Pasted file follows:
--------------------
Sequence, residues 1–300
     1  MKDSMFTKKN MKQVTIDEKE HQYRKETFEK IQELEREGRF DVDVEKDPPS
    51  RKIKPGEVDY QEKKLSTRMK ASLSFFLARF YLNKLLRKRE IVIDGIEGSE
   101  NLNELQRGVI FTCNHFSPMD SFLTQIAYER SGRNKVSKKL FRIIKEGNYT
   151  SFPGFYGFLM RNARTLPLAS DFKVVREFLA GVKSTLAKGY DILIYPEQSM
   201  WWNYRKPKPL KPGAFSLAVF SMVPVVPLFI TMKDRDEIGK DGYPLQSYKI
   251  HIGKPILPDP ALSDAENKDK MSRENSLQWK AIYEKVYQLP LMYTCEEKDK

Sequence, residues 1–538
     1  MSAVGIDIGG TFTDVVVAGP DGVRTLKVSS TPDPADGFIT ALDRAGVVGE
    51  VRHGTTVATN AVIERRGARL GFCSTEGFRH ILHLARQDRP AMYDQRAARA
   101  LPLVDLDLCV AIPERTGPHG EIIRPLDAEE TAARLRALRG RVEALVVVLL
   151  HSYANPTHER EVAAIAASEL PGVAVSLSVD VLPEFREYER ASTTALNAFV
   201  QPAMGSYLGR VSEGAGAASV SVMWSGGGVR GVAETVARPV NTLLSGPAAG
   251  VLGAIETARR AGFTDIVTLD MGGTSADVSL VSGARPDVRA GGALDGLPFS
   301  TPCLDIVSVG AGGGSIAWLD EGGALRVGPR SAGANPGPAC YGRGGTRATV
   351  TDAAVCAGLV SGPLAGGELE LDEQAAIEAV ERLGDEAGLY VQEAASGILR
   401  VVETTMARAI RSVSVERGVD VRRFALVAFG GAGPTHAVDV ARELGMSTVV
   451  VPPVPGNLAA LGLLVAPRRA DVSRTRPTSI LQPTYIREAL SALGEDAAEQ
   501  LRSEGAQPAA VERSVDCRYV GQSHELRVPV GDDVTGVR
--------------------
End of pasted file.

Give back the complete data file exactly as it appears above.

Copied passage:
Sequence, residues 1–300
     1  MKDSMFTKKN MKQVTIDEKE HQYRKETFEK IQELEREGRF DVDVEKDPPS
    51  RKIKPGEVDY QEKKLSTRMK ASLSFFLARF YLNKLLRKRE IVIDGIEGSE
   101  NLNELQRGVI FTCNHFSPMD SFLTQIAYER SGRNKVSKKL FRIIKEGNYT
   151  SFPGFYGFLM RNARTLPLAS DFKVVREFLA GVKSTLAKGY DILIYPEQSM
   201  WWNYRKPKPL KPGAFSLAVF SMVPVVPLFI TMKDRDEIGK DGYPLQSYKI
   251  HIGKPILPDP ALSDAENKDK MSRENSLQWK AIYEKVYQLP LMYTCEEKDK

Sequence, residues 1–538
     1  MSAVGIDIGG TFTDVVVAGP DGVRTLKVSS TPDPADGFIT ALDRAGVVGE
    51  VRHGTTVATN AVIERRGARL GFCSTEGFRH ILHLARQDRP AMYDQRAARA
   101  LPLVDLDLCV AIPERTGPHG EIIRPLDAEE TAARLRALRG RVEALVVVLL
   151  HSYANPTHER EVAAIAASEL PGVAVSLSVD VLPEFREYER ASTTALNAFV
   201  QPAMGSYLGR VSEGAGAASV SVMWSGGGVR GVAETVARPV NTLLSGPAAG
   251  VLGAIETARR AGFTDIVTLD MGGTSADVSL VSGARPDVRA GGALDGLPFS
   301  TPCLDIVSVG AGGGSIAWLD EGGALRVGPR SAGANPGPAC YGRGGTRATV
   351  TDAAVCAGLV SGPLAGGELE LDEQAAIEAV ERLGDEAGLY VQEAASGILR
   401  VVETTMARAI RSVSVERGVD VRRFALVAFG GAGPTHAVDV ARELGMSTVV
   451  VPPVPGNLAA LGLLVAPRRA DVSRTRPTSI LQPTYIREAL SALGEDAAEQ
   501  LRSEGAQPAA VERSVDCRYV GQSHELRVPV GDDVTGVR